But, as far as parks philanthropy goes, there is a lot to like about these grants. For one, the aforementioned planning and outreach processes are always a good indicator. We’re not seeing the telltale signs of a donor kicking down City Hall’s doors and slapping some blueprints on the table.
It’s hard to know how effective such outreach is, but the Buffalo process, run by the city and University of Buffalo Regional Institute, engaged with more than 1,100 community members. The Buffalo plan is also incorporating what’s already on site, as well as two city master plans, and current community uses. In Detroit, the Detroit Riverfront Conservancy led a community-driven design competition and public meetings, ultimately hiring Michael Van Valkenburgh Associates, the firm behind several New York parks and Tulsa’s $465 million Gathering Place park.
The even split between these crown jewel parks and the surrounding trails is also a good step. As Detroit’s mayor emphasized in the announcement, improving access to the riverfront will be just as important as the park project itself.
We’re in a post-High Line world, and foundations trying to establish these stunning green hubs for their cities have to reckon with the implications of pouring funds into one part of a city. Doing so can surge real estate prices in a particular neighborhood, and leave other neglected areas and their public spaces out in the cold. We are seeing some of the newer philanthropic parks projects trying to spread the wealth, or build connections and access to city resources.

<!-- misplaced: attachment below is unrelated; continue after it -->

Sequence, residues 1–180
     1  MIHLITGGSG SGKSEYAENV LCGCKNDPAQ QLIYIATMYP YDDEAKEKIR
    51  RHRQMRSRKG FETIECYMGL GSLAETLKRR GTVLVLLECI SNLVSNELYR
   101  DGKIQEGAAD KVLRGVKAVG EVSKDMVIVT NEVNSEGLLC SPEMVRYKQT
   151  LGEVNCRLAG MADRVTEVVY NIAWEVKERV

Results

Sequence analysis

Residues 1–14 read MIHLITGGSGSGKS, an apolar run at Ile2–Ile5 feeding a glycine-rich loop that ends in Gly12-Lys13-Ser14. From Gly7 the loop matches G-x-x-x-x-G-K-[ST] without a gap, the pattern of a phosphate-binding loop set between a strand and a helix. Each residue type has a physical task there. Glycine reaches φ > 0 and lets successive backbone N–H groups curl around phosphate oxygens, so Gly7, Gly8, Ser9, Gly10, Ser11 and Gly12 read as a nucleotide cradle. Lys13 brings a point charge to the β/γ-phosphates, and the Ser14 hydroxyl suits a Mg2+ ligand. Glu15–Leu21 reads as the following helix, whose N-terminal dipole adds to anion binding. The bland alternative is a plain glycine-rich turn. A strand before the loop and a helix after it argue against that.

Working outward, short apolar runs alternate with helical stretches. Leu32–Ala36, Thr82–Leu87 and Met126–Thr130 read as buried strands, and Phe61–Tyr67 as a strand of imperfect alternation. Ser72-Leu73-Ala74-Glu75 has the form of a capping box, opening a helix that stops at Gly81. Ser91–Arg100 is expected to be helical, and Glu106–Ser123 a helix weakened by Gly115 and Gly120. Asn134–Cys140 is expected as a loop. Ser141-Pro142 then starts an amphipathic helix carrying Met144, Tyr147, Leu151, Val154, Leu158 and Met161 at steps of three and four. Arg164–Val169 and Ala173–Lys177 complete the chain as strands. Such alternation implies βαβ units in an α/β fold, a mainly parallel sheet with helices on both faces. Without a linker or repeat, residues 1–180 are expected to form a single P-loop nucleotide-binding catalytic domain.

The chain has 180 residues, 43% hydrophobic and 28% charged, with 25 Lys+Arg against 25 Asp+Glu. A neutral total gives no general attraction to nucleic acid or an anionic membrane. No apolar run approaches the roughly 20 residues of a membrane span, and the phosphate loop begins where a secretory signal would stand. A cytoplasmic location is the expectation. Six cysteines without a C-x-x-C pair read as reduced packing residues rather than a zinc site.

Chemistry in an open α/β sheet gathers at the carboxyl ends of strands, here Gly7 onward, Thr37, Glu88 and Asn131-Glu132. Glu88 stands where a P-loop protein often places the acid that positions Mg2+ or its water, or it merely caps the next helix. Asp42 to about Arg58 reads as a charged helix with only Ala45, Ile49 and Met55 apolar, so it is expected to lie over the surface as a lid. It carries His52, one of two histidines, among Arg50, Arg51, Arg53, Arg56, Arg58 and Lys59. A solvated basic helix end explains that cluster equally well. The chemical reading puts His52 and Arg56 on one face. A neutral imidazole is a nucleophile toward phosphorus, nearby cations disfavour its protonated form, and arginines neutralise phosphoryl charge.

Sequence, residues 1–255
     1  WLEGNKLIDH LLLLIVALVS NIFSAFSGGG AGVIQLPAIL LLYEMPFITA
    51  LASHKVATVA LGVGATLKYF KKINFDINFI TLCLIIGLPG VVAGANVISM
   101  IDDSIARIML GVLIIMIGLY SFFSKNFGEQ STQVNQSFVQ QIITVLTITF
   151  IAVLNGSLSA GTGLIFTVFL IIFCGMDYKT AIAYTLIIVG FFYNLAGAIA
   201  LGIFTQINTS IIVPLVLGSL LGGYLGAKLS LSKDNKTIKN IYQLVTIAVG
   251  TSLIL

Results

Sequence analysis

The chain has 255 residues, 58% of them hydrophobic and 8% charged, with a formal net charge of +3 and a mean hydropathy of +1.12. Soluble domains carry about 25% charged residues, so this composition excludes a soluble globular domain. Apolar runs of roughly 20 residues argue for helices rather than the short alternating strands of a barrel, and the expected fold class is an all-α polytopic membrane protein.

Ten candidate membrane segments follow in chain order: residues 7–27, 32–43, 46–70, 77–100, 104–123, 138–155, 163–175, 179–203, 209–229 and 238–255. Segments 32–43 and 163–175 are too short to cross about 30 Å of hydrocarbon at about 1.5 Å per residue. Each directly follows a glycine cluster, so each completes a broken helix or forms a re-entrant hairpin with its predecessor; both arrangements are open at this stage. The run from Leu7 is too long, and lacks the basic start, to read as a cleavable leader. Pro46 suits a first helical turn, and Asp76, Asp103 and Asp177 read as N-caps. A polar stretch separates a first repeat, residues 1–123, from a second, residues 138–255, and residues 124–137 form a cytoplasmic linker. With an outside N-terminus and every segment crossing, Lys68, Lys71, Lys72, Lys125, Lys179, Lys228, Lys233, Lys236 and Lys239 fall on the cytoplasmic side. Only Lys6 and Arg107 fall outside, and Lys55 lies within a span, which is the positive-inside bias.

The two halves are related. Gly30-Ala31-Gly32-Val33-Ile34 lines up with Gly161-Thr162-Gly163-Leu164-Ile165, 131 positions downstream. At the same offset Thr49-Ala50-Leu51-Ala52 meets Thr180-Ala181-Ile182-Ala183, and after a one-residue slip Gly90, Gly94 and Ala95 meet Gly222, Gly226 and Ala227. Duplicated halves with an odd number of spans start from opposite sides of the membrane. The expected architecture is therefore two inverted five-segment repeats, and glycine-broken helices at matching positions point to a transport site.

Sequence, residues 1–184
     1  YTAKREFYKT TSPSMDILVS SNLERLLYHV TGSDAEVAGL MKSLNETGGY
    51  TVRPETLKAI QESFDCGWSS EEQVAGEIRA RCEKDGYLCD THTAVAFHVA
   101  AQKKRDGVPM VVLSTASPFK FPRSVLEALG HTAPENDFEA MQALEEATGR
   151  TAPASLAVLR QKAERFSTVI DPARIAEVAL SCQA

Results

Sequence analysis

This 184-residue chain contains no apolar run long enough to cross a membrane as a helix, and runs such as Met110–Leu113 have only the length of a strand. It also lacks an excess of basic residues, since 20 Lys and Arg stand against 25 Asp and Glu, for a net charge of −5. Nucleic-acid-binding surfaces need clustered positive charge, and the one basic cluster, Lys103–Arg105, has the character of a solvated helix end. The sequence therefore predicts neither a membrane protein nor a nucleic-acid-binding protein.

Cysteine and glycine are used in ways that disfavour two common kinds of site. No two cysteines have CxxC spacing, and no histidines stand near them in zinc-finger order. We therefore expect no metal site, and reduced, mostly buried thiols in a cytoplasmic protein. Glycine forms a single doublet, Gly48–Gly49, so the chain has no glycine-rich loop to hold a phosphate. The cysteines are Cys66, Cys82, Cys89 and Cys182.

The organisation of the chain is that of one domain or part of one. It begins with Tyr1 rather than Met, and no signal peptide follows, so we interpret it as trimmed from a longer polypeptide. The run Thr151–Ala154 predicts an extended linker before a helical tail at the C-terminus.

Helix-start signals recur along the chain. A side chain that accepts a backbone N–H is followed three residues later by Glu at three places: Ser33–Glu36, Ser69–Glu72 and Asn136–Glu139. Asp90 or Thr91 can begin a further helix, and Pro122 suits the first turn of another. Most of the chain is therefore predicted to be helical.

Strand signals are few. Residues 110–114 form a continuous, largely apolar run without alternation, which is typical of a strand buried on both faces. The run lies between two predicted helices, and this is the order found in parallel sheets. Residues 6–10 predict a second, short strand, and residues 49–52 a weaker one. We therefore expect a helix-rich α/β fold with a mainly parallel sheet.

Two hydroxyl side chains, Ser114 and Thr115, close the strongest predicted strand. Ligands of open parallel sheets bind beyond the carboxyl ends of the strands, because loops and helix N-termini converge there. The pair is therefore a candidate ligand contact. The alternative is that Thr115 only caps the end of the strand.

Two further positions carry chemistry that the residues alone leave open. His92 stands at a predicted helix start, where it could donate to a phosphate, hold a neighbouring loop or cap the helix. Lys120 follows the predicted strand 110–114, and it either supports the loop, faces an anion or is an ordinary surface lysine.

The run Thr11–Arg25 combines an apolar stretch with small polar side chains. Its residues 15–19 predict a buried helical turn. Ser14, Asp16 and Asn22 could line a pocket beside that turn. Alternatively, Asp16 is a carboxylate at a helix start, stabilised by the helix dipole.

- Getting It Right: A Parks Project Fueled by Private Dollars, With An Eye on Equity
- Can Parks and Public Spaces Really Alleviate Economic Segregation?
- City Funders Backing a New Park as a Way to Help Repair Old Wounds
- Decision to Engage: Grants to Bring an Equity Lens to Urban Sustainability Work
Even with such a strategy, the Wilson projects will still risk unintended consequences. We’re also in a post-Atlanta BeltLine world, after all, and there are clear ripple effects of inequality and affordability associated with such green rejuvenation projects.
Yes, it’s possible the parks will help lift up the economies of Detroit and Buffalo, and these donations will in all likelihood provide something special and beloved for each city. But the underlying issues of segregation and inequality run deep, and have proven difficult for philanthropy to get at the core of. That doesn’t mean parks shouldn’t be funded, but the best parks funding is incorporated into other efforts to support the surrounding community.
Parks and trails are just one focus of the Wilson Foundation, which also supports education and children’s programs, training and other support for low-income adults and families, and other economic development work. Beyond creating great parks, it’s a far bigger, but important task to weave such placemaking into greater efforts to reduce poverty and racial and economic disparities in communities they serve. The Wilson Foundation has about 16 more years to take on that challenge.